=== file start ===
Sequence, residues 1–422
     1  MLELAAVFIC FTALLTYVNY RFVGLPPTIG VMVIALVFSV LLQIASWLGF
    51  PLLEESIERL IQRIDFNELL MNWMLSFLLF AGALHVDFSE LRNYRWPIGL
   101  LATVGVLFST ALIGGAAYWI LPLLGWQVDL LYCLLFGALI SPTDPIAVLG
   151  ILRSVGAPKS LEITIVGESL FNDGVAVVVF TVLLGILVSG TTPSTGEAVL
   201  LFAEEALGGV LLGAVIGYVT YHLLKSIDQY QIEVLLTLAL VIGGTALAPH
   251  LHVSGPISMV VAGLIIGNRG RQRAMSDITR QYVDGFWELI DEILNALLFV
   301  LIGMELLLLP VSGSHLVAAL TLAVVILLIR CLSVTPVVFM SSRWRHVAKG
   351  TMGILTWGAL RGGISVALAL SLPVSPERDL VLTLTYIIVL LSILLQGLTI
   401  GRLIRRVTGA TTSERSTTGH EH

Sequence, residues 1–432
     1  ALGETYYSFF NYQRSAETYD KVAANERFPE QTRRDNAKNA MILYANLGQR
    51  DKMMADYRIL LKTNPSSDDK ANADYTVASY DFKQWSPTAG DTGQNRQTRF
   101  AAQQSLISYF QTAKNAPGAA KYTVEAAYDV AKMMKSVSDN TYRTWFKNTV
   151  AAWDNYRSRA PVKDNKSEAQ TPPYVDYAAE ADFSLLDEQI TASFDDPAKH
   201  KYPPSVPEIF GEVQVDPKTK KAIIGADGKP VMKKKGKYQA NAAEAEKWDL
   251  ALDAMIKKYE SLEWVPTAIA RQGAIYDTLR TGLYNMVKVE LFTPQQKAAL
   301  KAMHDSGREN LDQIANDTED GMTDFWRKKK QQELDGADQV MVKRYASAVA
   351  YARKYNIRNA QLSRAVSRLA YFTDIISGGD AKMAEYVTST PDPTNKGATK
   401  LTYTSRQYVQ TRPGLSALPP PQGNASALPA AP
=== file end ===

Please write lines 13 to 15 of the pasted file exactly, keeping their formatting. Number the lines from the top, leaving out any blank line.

    51  DKMMADYRIL LKTNPSSDDK ANADYTVASY DFKQWSPTAG DTGQNRQTRF
   101  AAQQSLISYF QTAKNAPGAA KYTVEAAYDV AKMMKSVSDN TYRTWFKNTV
   151  AAWDNYRSRA PVKDNKSEAQ TPPYVDYAAE ADFSLLDEQI TASFDDPAKH